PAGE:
Trump faces growing defections from a once loyal group: older white voters

Gamble said he planned to support Trump in the election anyway, describing Biden as too old and too committed to China-related issues. But Gamble, who said he has a “serious lung problem,” expressed hope that Trump will change his approach to the pandemic.

“We can’t blame him for this: how many presidents could really do better than he has?” Gamble said, before adding: “I just wish it didn’t let the country open up as much as it has. I see all these teenagers and young people on the beach, and I fear for them because now they are getting sick. “

In Tucson, Gerald Lankin, a more outspoken supporter of Trump, said he would endorse the president primarily as a vote “against Democrats.” Lankin, 77, said he viewed Trump’s personal treatment as offensive, but agreed with him on most issues and viewed Democrats as “too much, too much, too much to the left.”

“He really hasn’t done anything I can say I’m against,” Lankin said of Trump. “I think what he is doing is the best he can. But, boy, is it hard to bear. He’s a tough guy to drink. “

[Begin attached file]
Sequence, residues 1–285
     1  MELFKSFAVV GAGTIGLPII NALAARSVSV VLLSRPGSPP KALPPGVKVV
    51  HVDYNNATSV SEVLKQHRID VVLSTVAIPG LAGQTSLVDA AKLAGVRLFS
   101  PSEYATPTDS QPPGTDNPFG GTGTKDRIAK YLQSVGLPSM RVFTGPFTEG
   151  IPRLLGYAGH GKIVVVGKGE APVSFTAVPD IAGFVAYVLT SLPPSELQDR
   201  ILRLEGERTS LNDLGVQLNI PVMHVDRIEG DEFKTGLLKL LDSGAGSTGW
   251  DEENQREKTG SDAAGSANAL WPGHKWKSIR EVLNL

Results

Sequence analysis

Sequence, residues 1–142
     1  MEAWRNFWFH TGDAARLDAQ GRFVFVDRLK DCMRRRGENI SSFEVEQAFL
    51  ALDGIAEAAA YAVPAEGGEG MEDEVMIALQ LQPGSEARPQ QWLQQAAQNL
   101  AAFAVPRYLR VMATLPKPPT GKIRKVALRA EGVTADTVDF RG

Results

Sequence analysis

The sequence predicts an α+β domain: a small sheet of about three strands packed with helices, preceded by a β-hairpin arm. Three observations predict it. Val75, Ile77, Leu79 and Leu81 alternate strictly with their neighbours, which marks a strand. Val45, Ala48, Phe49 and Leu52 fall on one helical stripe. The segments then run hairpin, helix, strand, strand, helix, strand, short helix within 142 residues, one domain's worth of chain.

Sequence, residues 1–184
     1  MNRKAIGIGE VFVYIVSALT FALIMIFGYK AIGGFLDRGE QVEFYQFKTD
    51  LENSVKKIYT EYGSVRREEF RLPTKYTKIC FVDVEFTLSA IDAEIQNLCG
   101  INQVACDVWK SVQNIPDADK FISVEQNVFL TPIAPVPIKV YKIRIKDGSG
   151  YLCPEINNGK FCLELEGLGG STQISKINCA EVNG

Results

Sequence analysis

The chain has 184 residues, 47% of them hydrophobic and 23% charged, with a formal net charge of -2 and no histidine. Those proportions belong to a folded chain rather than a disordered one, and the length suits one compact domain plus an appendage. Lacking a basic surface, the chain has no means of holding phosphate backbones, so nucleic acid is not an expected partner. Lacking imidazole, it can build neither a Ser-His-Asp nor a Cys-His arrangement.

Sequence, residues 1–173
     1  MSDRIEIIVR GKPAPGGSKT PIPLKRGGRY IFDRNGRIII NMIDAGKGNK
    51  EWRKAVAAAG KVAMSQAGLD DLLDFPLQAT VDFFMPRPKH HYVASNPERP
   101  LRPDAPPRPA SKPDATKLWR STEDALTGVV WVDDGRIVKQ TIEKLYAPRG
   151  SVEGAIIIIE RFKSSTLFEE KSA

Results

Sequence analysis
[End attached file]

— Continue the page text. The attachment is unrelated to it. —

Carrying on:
There may be time for Trump to regain his footing with seniors, along with several other right-wing groups that have drifted apart during the darkest months of his presidency. His ability to do so could have far-reaching implications not only for his chances of winning a second term, but also for his party’s ability to maintain control in the Senate.

At the moment, Trump’s unpopularity with older voters appears to be hampering other Republicans in states like Arizona and Michigan.

Gayle Craven, 80, of High Point, North Carolina, said that although she was a registered Republican, she had not voted for Trump in 2016 and would reject him again this year. She said she saw Mr. Biden as an “honest man”.